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Coenzyme Q10 and statin myopathy

For some time there has been a view that the muscle pains associated with statins may be reversed by taking coenzyme Q10. The argument is that statins inhibit the biosynthesis of both cholesterol and ubiquinone (fancy name for coenzyme Q10), with resultant lowering of cholesterol and ubiquinone in blood, ubiquinone in muscle, and, as ubiquinone is involved in electron transport and ATP formation, fatigue and muscle pain.

Whether taking coenzyme Q10 helps overcome that muscle pain is another matter, but there are a few straws in the wind.

Systematic review

A systematic review [1] sought all the evidence linking coenzyme Q10 with statin-associated myopathy, searching for English language articles in a PubMed search to August 2006, together with examination of reference lists. While it examines animal and human studies, only the human studies are mentioned here.


Circulating coenzyme Q10

The review found nine randomised trials and nine observational studies looking at effects of statins on circulating levels of coenzyme Q10. Most of these were of a few weeks duration, and involved fewer than 50 patients. The two studies with at least 100 patients, both randomised, observed reductions in circulating coenzyme Q10 of 22% and 27-38% in 120 and 1,049 people respectively at 12 weeks and one year.

Most of the reduction in circulating coenzyme Q10 is related to lower levels of LDL-cholesterol, and some studies suggest that absolute changes are less relevant than the coenzyme Q10/cholesterol ratio [2].

Muscle coenzyme Q10

Five studies looked at muscle levels, one finding and increase, one a decrease, and three no difference.

Mitochondrial function

There is no consistent message of impairment to muscle metabolism with statins, or any suggestion that coenzyme Q10 is related to any changes.

Clinical studies

There is a dearth of clinical studies of coenzyme Q10 supplementation in statin-associated myopathy. None was published in full at the time of the systematic review. Two subsequent reports of randomised trials are too small to be conclusive.

One [3] compared daily coenzyme Q10 100 mg with vitamin E at 400 IU daily in 32 patients with myopathic symptoms on statins. After 30 days overall pain severity decreased, and pain interfered less with activities of daily living, but most patients taking coenzyme Q10 still had some pain.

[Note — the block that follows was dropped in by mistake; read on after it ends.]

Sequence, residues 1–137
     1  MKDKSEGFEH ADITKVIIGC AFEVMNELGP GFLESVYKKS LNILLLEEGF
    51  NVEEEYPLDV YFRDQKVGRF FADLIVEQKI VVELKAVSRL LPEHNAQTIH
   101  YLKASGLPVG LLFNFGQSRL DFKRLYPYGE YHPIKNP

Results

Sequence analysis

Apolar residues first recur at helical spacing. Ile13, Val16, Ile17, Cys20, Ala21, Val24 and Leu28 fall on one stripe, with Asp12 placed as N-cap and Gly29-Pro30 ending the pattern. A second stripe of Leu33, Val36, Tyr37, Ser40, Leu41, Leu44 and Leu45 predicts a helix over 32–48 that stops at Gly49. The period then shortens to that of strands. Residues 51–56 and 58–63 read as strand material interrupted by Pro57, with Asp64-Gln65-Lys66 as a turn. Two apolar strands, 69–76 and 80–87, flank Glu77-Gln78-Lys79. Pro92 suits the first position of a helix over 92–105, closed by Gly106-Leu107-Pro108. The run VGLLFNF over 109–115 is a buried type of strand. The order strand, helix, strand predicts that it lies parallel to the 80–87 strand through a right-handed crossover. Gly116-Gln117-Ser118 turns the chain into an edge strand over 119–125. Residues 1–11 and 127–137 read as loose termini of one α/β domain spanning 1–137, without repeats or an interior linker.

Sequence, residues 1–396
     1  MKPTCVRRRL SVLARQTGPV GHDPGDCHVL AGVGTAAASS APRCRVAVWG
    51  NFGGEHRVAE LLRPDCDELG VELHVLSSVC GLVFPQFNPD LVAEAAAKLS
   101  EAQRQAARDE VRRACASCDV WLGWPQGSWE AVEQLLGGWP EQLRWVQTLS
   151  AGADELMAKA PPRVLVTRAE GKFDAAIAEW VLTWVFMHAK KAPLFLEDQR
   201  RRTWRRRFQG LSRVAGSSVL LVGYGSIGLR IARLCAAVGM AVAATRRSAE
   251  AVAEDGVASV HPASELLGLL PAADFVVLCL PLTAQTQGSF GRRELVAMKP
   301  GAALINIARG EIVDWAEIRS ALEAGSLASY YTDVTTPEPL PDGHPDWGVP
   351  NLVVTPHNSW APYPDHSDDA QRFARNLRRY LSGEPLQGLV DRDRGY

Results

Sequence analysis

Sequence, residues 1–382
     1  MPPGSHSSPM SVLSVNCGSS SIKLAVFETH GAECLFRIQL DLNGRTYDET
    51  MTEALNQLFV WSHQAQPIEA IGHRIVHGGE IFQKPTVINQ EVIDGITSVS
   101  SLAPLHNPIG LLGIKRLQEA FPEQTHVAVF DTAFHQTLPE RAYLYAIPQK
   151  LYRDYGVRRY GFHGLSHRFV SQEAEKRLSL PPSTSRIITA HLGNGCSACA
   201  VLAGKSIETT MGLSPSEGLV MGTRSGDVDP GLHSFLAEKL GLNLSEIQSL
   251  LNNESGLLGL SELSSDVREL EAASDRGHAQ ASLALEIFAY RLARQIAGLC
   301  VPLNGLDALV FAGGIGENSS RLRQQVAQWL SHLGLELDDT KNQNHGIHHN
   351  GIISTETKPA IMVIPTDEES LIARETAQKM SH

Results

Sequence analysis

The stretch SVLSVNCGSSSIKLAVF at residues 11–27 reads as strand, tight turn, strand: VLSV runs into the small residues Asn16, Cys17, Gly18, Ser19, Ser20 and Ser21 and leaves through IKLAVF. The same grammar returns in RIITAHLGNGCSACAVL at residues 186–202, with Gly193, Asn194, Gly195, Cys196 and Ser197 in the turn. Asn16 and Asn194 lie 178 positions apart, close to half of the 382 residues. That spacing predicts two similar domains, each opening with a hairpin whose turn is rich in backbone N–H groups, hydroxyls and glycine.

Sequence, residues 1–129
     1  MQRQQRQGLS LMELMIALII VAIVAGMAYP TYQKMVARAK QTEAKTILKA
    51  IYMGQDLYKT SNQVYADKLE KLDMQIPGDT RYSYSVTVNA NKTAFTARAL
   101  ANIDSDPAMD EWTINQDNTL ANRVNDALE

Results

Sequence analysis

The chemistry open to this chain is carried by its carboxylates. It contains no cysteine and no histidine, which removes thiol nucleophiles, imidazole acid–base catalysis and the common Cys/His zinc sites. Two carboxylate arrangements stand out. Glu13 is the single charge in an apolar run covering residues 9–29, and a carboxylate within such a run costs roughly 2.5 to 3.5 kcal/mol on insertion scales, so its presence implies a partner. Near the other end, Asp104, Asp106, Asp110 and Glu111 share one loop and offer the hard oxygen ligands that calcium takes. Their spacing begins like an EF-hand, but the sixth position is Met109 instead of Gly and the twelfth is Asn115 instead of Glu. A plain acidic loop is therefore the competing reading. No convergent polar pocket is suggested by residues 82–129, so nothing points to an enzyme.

A second report [4] records a randomised trial that managed to recruit only three patients with statin-associated myopathy in 1.5 years, because patients stopped the statin, or were already taking coenzyme Q10. All three had low initial circulating coenzyme Q10 levels, and two had significant improvements in mobility and energy levels together with increased circulating levels on blind or open challenge.


There really is not much evidence that coenzyme Q10 is effective in combating fatigue and muscle pain with statins. For some patients it does make a difference, though. A number of randomised trials are ongoing, so perhaps this is a space worth watching. At least one more moderate sized trial is ongoing, completing by the end of 2007.


  1. L Marcoff, PD Thompson. The role of coenzyme Q10 in statin-associated myopathy. Journal of the American College of Cardiology 2007 49: 2231-2237.
  2. AD Hershey et al. Coenzyme Q10 deficiency and response to supplementation in pediatric and adolescent migraine. Headache 2007 47: 73-80.
  3. G Caso et al. Effect of coenzyme Q10 on myopathic symptoms in patients treated with statins. American Journal of Cardiology 2007 99: 1409-1412.
  4. MM Reidenberg. Statins, lack of energy and ubiquinone. British Journal of Clinical Pharmacology 2005 59: 606-607.

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